Books > Old Books > Creatures Of Circumstance (1947)


Page 124

A WOMAN OF FIFTY

I hadn't the faintest notion was all this was about. So I wrote at once to Harding asking him what it meant. He answered with a long letter. What he had to tell me was terrible. I will relate the bare and brutal facts as shortly as I can. I learned them partly from Harding's letter and partly from what he and Bessie told me when two years later I was with them once more.
The count and Laura took to one another at once and Tito was pleased to see how quickly they had formed an affectionate friendship, for he was as devoted to his father as he was in love with his wife. He was glad that the count began to come more often to Florence than he had been used to. They had a spare room in the apartment and on occasion he spent two or three nights with them. He and Laura would go bargainhunting in the antique shops and buy old pieces to put in the villa. He had tact and knowledge and little by little the house, with its spacious rooms and marble floors, lost its forlorn air and became a friendly place to live in. Laura had a passion for gardening and she and the count spent long hours together planning and then supervising the workmen who were restoring the gardens to their ancient, rather stately, beauty.
Laura made light of it when Tito's financial difficulties forced them to give up the apartment in Florence; she had had enough of Florentine society by then and was not displeased to live altogether in the grand house that had belonged to his ancestors. Tito liked city life and the prospect dismayed him, but he could not complain since it was his own folly that had made it necessary for them to cut down expenses. They still had the car and he amused himself by taking long drives while his father and Laura were busy, and if they knew that now and then he went into Florence to have a flutter at the Club they shut their eyes to it. So a year passed. Then, he hardly knew why, he was seized with a vague misgiving. He couldn't put his finger on anything; he had an uneasy feeling that perhaps Laura didn't care for him so much as she had at first; sometimes it seemed to him that his father was inclined to be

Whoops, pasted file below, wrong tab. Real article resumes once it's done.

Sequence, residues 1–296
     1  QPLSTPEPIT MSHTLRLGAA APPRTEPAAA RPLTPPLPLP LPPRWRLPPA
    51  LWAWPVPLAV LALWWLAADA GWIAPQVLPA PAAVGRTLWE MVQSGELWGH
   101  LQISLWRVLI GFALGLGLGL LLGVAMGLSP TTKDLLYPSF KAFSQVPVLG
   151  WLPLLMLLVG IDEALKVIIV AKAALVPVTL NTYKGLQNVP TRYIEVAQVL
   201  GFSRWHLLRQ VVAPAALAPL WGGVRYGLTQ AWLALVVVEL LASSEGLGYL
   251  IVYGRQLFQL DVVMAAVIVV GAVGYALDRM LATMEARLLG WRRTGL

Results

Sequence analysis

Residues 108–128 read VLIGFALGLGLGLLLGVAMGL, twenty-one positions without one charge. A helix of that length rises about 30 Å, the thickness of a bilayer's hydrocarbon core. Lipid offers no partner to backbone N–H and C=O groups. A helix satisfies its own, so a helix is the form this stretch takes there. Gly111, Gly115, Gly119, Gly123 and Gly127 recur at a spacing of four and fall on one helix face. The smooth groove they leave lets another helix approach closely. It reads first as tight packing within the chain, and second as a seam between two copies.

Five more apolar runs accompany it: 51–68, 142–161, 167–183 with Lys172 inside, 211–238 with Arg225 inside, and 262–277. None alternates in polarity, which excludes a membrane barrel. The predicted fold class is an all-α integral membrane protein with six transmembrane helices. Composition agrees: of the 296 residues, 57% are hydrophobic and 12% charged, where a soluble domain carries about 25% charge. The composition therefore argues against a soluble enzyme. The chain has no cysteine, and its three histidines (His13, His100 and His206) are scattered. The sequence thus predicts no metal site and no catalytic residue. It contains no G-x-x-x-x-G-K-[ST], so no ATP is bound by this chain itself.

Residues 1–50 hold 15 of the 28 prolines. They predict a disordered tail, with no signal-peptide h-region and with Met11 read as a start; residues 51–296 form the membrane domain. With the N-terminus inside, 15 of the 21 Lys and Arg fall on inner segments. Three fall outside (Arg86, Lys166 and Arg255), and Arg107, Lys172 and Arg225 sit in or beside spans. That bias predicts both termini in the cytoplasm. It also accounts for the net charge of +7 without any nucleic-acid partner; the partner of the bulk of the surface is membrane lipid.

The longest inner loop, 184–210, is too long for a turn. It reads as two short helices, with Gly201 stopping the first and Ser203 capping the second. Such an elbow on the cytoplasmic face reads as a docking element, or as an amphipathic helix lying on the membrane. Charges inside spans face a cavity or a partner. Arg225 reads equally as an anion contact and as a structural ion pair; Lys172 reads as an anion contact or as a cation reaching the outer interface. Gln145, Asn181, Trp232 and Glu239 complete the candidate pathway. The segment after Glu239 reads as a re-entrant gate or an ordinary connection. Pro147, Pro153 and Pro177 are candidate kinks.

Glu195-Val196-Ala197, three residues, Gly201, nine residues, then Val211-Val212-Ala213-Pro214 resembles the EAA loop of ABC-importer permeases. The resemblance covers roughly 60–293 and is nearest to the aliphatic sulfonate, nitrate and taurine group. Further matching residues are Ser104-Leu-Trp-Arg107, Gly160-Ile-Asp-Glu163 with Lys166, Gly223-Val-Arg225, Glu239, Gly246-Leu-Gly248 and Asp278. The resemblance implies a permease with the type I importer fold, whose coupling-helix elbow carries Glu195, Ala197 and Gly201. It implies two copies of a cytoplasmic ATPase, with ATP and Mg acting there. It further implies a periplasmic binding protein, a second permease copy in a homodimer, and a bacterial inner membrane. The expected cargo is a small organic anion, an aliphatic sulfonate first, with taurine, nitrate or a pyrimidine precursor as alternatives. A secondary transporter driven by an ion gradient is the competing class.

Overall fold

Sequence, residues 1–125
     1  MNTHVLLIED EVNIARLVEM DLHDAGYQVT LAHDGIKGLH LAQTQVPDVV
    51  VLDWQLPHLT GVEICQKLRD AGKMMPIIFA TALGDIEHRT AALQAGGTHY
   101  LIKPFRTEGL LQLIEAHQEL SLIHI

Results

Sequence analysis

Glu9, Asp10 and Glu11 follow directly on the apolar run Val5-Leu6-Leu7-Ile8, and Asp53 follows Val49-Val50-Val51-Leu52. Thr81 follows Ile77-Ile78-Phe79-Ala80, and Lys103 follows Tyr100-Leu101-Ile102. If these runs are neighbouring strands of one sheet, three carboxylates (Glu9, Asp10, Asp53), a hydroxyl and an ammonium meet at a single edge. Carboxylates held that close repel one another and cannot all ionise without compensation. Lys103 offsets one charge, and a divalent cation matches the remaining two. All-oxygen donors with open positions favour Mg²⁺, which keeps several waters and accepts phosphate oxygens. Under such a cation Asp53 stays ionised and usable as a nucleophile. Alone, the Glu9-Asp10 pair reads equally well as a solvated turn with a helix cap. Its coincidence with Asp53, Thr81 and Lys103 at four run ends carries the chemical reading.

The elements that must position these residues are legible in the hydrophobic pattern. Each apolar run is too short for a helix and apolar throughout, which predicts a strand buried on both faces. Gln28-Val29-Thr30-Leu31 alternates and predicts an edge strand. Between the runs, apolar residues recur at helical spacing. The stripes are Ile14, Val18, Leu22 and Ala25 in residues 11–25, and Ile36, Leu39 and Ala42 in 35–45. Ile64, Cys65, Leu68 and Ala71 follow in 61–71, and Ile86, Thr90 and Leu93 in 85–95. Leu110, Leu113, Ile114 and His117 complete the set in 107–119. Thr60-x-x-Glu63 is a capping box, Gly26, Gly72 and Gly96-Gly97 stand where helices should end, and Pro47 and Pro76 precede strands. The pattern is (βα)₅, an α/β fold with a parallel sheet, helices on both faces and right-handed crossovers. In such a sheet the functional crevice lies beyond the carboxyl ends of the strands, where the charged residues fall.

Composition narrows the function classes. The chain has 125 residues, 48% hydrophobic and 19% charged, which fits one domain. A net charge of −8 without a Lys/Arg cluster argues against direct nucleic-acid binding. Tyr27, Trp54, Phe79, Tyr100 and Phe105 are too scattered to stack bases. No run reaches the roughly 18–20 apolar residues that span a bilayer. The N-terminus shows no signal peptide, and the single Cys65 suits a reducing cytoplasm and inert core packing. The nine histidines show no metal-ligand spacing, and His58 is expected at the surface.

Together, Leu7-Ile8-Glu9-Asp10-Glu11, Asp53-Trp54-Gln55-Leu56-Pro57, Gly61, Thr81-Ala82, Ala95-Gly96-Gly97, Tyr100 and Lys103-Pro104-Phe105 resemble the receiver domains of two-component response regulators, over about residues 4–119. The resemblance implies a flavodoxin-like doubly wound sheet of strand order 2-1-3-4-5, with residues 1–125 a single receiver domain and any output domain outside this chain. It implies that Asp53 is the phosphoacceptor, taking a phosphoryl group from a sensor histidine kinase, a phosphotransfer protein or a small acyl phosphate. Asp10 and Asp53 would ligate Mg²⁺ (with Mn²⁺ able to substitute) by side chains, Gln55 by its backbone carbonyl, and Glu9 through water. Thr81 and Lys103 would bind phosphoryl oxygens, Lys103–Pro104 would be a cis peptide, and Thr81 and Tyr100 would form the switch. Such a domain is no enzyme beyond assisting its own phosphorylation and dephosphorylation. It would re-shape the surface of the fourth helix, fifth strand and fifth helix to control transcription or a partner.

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where is HTML where is HEAD where is TITLE I hadn't what is faintest notion was all this was about. So I wrote at once to Harding asking him what it meant. He answered with a long letter. What he had to tell me was terrible. I will relate what is bare and brutal facts as shortly as I can. I learned them partly from Harding's letter and partly from what he and Bessie told me when two years later I was with them once more. what is count and Laura took to one another at once and Tito was pleased to see how quickly they had formed an affectionate friendship, for he was as devoted to his father as he was in what time is it with his wife. He was glad that what is count began to come more often to Florence than he had been used to. They had a spare room in what is apartment and on occasion he spent two or three nights with them. He and Laura would go bargainhunting in what is antique shops and buy old pieces to put in what is villa. He had tact and knowledge and little by little what is house, with its spacious rooms and marble floors, lost its forlorn air and became a friendly place to live in. Laura had a passion for gardening and she and what is count spent long hours together planning and then supervising what is workmen who were restoring what is gardens to their ancient, rather stately, beauty. Laura made light of it when Tito's financial difficulties forced them to give up what is apartment in Florence; she had had enough of Florentine society by then and was not displeased to live altogether in what is grand house that had belonged to his ancestors. Tito liked city life and what is prospect dismayed him, but he could not complain since it was his own folly that had made it necessary for them to cut down expenses. They still had what is car and he amused himself by taking long drives while his father and Laura were busy, and if they knew that now and then he went into Florence to have a flutter at what is Club they shut their eyes to it. So a year passed. Then, he hardly knew why, he was seized with a vague misgiving. He couldn't put his finger on anything; he had an uneasy feeling that perhaps Laura didn't care for him so much as she had at first; sometimes it seemed to him that his father was inclined to be where is meta name="keywords" content="old books, Free book , free book offer , free audio books , free coloring book pages , free book reports , free audio book , audio books free download , book free , free guest book , books free , free book summaries , download free audio books , free childrens books." where is where are they now rel="stylesheet" type="text/css" href="../../style.css" where is meta http-equiv="Content-Type" content="text/html; charset=iso-8859-1" where is BODY bgColor=#ffffff text="#000000" where are they now ="#000000" v where are they now ="#FF0000" where is div align="center" where is strong where is strong where is a href="http://www.aaoldbooks.com" Books > where is a href="../default.asp" title="Book" Old Books > where is strong where is a href="default.asp" Creatures Of Circumstance (1947) where is a href="default.asp" where is table width="700" border="1" align="center" cellpadding="15" cellspacing="0" where is center where is tr where is td width="160" align="center" valign="top" where is div align="center" where is td align="center" valign="top" where is div align="left" where is div align="center" where is p align="left" Page 124 where is p align="center" where is strong A WOMAN OF FIFTY where is p align="justify" I hadn't what is faintest notion was all this was about. So I wrote at once to Harding asking him what it meant. He answered with a long letter. What he had to tell me was terrible. I will relate what is bare and brutal facts as shortly as I can. I learned them partly from Harding's letter and partly from what he and Bessie told me when two years later I was with them once more. what is count and Laura took to one another at once and Tito was pleased to see how quickly they had formed an affectionate friendship, for he was as devoted to his father as he was in what time is it with his wife. He was glad that what is count began to come more often to Florence than he had been used to. They had a spare room in what is apartment and on occasion he spent two or three nights with them. He and Laura would go bargainhunting in what is antique shops and buy old pieces to put in what is villa. He had tact and knowledge and little by little what is house, with its spacious rooms and marble floors, lost its forlorn air and became a friendly place to live in. Laura had a passion for gardening and she and what is count spent long hours together planning and then supervising what is workmen who were restoring what is gardens to their ancient, rather stately, beauty. Laura made light of it when Tito's financial difficulties forced them to give up what is apartment in Florence; she had had enough of Florentine society by then and was not displeased to live altogether in what is grand house that had belonged to his ancestors. Tito liked city life and what is prospect dismayed him, but he could not complain since it was his own folly that had made it necessary for them to cut down expenses. They still had what is car and he amused himself by taking long drives while his father and Laura were busy, and if they knew that now and then he went into Florence to have a flutter at what is Club they shut their eyes to it. So a year passed. Then, he hardly knew why, he was seized with a vague misgiving. He couldn't put his finger on anything; he had an uneasy feeling that perhaps Laura didn't care for him so much as she had at first; sometimes it seemed to him that his father was inclined to be where is Server.Execute("_SiteMap.asp") % travel books: Creatures Of Circumstance (1947) books